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Which Treatise was the first rise of her severe Persecutions.
Wisdom is justified of her Children. Matt. xi. 19.
Printed by J. Mills, St. Augustine's Back,
AND J, MILLS, BRISTOL.
BIOGRAPHY, in all its various kinds, is the most captivating species of reading to the human mind-do but adapt the subject to the reader, and its entertainment becomes delightful, and its influence irresistible.
The secret cause of this lies deep in the heart of man-every one has some subject that he admires some aim that he stretches after.--The life of the man who possesses in any eminent degree his revered idol, becomes to him as a precious mine,--wherein his treasure lies hid and he searches therein with diligence, to discover by what method it was attained, and by what power secured, that he also may become partaker of his happiness, and possessor of his favourite object.
view a mixed and totallo
With what avidity do the
young and the thoughtless seek after novels—the amorous and fighty after tales and romances--the warrior after the lives of the Cæsars and Alexanders-the student after Newtons and Platos—and the Christian after Saints and Holy Souls.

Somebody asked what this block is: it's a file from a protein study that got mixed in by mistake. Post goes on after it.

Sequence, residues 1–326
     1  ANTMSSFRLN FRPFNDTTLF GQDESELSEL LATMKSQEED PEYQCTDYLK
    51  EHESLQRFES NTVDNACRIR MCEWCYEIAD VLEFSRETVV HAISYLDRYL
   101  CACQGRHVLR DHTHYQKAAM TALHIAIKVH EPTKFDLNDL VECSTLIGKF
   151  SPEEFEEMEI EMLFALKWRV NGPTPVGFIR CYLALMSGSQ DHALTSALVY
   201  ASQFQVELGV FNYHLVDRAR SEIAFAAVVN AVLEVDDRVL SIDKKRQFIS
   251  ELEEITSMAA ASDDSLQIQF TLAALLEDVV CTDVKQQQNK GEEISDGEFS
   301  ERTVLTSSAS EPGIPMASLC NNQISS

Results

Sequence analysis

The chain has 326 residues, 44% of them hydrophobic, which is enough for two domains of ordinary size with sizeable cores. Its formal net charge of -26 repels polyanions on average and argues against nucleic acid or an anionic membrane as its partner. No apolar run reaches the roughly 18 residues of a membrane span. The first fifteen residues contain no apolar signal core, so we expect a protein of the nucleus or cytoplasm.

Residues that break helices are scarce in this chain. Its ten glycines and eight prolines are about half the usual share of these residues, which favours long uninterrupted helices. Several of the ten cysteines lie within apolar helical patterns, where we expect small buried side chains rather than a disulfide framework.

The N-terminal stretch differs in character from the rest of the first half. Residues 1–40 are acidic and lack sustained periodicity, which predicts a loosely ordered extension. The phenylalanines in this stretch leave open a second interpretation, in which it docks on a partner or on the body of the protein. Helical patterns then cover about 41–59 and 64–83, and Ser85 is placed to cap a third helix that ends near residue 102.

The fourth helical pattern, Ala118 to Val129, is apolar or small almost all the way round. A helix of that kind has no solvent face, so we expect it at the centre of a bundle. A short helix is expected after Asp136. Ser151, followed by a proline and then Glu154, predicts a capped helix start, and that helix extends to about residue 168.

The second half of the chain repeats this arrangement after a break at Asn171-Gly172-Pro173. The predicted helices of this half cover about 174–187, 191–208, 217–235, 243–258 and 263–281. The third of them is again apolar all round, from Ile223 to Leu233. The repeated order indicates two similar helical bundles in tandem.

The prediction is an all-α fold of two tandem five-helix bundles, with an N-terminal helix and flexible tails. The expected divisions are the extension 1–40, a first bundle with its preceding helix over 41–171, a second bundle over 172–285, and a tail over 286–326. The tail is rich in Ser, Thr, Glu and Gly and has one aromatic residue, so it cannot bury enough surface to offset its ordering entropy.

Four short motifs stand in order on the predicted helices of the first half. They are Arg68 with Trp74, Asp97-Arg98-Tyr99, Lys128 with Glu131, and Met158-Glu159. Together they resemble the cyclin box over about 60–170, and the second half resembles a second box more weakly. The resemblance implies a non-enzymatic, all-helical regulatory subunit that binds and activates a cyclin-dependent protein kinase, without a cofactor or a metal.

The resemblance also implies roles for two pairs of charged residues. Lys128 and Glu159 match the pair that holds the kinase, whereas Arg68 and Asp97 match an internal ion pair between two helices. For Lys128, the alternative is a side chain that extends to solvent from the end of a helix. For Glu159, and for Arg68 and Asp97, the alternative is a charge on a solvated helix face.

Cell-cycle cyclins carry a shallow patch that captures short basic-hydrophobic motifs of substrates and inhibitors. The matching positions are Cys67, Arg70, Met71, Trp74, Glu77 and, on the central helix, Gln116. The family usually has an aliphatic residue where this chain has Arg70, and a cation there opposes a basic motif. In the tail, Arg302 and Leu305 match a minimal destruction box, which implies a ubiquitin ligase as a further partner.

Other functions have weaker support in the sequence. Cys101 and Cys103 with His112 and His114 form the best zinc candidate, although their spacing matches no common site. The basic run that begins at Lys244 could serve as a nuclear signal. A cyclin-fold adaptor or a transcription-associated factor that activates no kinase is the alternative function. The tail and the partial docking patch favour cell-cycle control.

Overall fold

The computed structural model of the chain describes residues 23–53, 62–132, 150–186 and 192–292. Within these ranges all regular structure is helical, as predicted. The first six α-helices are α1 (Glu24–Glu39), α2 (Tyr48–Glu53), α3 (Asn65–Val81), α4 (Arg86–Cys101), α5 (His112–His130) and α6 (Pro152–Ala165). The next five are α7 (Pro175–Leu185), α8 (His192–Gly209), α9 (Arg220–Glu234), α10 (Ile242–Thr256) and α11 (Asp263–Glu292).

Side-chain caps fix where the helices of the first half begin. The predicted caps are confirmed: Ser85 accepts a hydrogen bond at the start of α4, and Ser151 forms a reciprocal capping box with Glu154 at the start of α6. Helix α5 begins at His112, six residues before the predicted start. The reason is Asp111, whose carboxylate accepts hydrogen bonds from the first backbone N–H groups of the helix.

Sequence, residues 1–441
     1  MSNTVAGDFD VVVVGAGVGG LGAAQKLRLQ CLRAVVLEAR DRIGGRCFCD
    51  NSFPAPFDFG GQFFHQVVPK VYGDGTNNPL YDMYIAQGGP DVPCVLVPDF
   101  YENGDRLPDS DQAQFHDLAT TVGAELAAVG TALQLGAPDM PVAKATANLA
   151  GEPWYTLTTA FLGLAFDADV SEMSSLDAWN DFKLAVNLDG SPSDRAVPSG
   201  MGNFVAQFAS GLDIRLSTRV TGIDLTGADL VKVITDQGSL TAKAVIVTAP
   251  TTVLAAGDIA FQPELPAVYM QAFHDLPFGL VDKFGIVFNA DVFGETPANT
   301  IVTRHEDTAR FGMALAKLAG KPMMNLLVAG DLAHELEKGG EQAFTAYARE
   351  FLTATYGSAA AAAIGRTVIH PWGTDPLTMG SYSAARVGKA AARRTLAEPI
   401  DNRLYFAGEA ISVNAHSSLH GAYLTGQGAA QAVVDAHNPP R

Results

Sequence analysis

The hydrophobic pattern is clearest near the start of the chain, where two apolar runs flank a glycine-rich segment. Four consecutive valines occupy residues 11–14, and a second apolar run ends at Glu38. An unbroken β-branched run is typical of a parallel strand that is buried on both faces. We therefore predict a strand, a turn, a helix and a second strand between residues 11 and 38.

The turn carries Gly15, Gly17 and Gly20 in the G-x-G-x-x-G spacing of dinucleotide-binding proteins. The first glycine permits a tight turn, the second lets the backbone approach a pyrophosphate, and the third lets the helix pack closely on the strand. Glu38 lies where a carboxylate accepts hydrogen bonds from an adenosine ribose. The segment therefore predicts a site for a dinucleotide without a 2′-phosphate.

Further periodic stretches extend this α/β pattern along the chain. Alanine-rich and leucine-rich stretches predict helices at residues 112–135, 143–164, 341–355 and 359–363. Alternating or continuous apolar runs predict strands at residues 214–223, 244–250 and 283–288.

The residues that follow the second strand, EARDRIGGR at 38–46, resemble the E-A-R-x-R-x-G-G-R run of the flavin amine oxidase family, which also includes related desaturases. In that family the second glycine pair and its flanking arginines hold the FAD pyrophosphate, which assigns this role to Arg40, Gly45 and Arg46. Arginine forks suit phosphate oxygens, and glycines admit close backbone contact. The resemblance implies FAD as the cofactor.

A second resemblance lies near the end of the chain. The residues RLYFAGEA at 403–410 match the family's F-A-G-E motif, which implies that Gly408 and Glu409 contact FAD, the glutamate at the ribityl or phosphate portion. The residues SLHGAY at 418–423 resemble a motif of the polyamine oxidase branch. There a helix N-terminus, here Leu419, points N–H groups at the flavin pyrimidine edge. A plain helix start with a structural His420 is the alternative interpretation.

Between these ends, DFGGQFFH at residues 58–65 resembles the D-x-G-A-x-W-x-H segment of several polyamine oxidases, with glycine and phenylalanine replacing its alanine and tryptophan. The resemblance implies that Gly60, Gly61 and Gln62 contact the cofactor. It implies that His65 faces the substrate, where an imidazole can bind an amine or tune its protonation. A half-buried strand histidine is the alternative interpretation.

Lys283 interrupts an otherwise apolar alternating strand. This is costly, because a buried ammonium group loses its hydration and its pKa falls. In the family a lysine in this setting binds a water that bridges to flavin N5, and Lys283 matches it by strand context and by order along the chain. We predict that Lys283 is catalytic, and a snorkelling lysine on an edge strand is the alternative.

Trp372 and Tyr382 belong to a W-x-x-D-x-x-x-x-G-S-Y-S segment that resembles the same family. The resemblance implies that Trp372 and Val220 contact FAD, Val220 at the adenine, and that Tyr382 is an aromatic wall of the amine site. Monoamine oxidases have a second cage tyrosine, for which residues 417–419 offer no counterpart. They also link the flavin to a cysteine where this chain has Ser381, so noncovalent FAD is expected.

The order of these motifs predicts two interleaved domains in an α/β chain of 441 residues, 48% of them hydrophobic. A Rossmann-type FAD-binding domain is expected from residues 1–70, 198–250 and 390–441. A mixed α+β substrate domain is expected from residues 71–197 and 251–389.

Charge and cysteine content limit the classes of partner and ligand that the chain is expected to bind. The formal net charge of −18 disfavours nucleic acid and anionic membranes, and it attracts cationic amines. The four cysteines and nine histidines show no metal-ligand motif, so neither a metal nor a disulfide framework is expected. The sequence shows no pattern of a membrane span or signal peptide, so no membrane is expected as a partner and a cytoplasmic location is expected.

These demonstrate their aim by their pursuit, and give the strongest evidence of the bent of their hearts, by that reading which affords them the most entertainment and delight. "A vitiated and sickly appetite can as soon relish plain and wholesome food, as a corrupted heart Pious Lives and Divine Writings.
Here then we plainly perceive the dangerous and deadly tendency of all Works of Fancy and flighty genius.--Not to speak at all of that filthy tribe of lewd, profane, and unprofitable Stuff, that is the detestation of every man of sense, and every woman of virtue.-But those more approved Works, wherein humanity is displayed -sentiments are sweetly refined, and even virtue itself comes forth to claim your respect and applause.--Here-too, too often-if not ever, the deluding or deluded writer, offers to your racter, a jumble of unnatural and incompa